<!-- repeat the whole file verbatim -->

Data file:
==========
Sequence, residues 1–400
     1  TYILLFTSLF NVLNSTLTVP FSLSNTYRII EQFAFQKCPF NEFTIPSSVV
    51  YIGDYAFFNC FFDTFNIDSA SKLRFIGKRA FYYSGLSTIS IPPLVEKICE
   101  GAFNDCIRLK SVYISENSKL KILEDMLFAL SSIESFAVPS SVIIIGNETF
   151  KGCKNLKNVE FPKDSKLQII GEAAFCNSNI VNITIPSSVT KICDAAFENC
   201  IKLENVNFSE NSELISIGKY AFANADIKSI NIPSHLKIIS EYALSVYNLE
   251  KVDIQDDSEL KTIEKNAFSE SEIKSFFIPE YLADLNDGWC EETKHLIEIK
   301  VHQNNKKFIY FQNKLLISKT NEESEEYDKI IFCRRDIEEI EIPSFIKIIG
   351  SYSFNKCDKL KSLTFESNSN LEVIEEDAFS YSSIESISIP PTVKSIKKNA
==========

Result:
Sequence, residues 1–400
     1  TYILLFTSLF NVLNSTLTVP FSLSNTYRII EQFAFQKCPF NEFTIPSSVV
    51  YIGDYAFFNC FFDTFNIDSA SKLRFIGKRA FYYSGLSTIS IPPLVEKICE
   101  GAFNDCIRLK SVYISENSKL KILEDMLFAL SSIESFAVPS SVIIIGNETF
   151  KGCKNLKNVE FPKDSKLQII GEAAFCNSNI VNITIPSSVT KICDAAFENC
   201  IKLENVNFSE NSELISIGKY AFANADIKSI NIPSHLKIIS EYALSVYNLE
   251  KVDIQDDSEL KTIEKNAFSE SEIKSFFIPE YLADLNDGWC EETKHLIEIK
   301  VHQNNKKFIY FQNKLLISKT NEESEEYDKI IFCRRDIEEI EIPSFIKIIG
   351  SYSFNKCDKL KSLTFESNSN LEVIEEDAFS YSSIESISIP PTVKSIKKNA